Thursday, 24 June 2021

Judge rejects second legal challenge to housing plan

Judge rejects second legal challenge to housing plan

A LEGAL challenge to South Oxfordshire District Council’s local plan has been refused for a second time.

Bioabundance, a community interest company, claims the document contradicts the Government’s climate change targets.

In March, High Court judge Mr Justice Dove rejected its application for a judicial review.

Now the firm has lost an appeal against that decision. Mrs Justice Lang described the case as “unarguable”.

The document sets out the district’s housing needs for the next 15 years but Bioabundance claimed councillors were pressured into adopting it in December.

They also felt it does not pay enough attention to the mitigation measures for building 23,550 new homes.

When a Liberal Democrats and Green coalition took charge of the council in May 2019, it proposed to scrap the plan, which had been drawn up by the former Conservative administration.

However, this was blocked by Housing Secretary Robert Jenrick, who issued a directive that the plan be adopted by the end of 2020.

This was achieved but seven councillors voted against, including leader Sue Cooper, a Lib-Dem. There were also nine abstentions.

Jenny Wigley, representing Bioabundance, claimed the inspector who oversaw a public examination of the plan had not provided enough justification for the level of development and impact on the environment and green belt.

She also said councillors felt pressured into approving the plan for fear of missing out on infrastructure funding and losing control over planning matters.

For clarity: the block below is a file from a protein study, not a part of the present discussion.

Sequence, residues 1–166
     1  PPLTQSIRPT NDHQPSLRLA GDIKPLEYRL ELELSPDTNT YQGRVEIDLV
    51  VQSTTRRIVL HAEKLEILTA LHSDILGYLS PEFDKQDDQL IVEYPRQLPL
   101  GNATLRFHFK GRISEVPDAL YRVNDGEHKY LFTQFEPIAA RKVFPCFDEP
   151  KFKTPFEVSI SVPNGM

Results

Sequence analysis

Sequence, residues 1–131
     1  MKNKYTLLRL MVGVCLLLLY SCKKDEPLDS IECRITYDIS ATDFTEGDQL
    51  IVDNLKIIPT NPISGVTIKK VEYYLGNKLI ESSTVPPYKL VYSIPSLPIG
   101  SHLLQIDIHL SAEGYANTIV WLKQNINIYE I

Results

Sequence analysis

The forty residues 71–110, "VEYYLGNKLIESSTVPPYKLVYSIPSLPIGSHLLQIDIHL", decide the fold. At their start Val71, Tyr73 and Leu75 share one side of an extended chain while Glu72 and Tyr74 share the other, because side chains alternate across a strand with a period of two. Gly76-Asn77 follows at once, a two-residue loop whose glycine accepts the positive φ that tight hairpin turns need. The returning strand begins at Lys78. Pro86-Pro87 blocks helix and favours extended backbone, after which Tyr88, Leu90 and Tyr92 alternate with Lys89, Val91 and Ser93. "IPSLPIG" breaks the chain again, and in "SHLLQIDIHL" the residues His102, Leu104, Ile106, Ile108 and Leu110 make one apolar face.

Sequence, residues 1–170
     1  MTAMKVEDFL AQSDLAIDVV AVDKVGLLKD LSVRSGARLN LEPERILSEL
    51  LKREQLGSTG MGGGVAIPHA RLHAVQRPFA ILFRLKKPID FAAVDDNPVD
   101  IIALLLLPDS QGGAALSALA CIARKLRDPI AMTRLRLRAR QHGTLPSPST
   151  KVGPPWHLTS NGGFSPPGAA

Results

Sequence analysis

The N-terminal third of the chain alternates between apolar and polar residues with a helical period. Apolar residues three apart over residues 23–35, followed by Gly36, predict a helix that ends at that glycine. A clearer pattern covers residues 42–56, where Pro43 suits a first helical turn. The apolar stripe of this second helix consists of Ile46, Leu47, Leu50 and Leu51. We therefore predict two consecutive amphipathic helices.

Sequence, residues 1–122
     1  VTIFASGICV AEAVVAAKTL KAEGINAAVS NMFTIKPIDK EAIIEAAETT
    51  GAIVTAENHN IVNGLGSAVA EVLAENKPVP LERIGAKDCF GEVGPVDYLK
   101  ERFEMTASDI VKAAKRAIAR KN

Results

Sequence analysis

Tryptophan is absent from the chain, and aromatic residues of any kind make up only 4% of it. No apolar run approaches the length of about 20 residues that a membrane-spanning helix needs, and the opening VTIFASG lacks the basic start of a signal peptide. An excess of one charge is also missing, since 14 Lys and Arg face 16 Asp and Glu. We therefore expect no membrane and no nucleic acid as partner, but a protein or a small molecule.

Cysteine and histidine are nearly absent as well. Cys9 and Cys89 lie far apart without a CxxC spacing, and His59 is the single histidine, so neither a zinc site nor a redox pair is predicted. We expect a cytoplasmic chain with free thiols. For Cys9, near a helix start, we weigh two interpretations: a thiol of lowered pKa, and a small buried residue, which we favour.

She said: “We say the council took into account matters that were not related to the use or character of the land but instead extraneous matters.

“There were threats of having powers taken away and future funding and income streams lost that were not related. The council has to have a free unfettered decision.”

Miss Wigley said the plan was “driven by growth ambitions beyond the standard method” and the inspector had failed to grapple the contradiction with climate change targets.

District councillor Sue Roberts, who founded Bioabundance, said: “We were under ‘dictation’ by Robert Jenrick and threatened with losing our financing and our powers.

“This greedy plan is to build four houses for every new home that can be filled by our slowly growing population.”

James Goudie, representing the Secretary of State, described the appellant’s case as “hopeless” and said Bioabundance had passed off the pressures of being a council as coercion by Mr Jenrick.

He also said the inspector “gave perfectly adequate reasons” for the housing requirement against carbon reduction.

Richard Honey, representing the council, said the loss of power over future decisions was a material planning consideration.

He added: “The arguments don’t have any evidential basis at all.”

Mrs Justice Lang said the intervention by the Secretary of State was lawful and that he acted responsibly.

In her ruling, she said: “Councillors suggested they were under pressure to adopt the plan and were faced with no real choice.

“It was made clear to councillors that they had a choice and could choose not to [adopt the plan].

“The cabinet member for planning confirmed this was the case.

“ She said they were faced with no real choice, which reflected the practicality of the situation.”

The judge directed Bioabundance to pay the council’s costs of £8,266.

Nearly £15,000 had been raised by the company through an online fundraising page to help pay for its legal fees.

The company could appeal to the Appeal Court.

Cllr Roberts said: “It seems things are against us but we are considering whether to appeal.”

A council spokesman said: “The council remains confident it worked within the law to produce and adopt its local plan.

“The adopted local plan continues to have full weight in any planning decision made and remains the adopted policy of the council.”

The council revealed earlier this year that it is thinking of producing a joint local plan with the Vale of White Horse, which would take up to five years. The existing plan will remain until a new one is approved.

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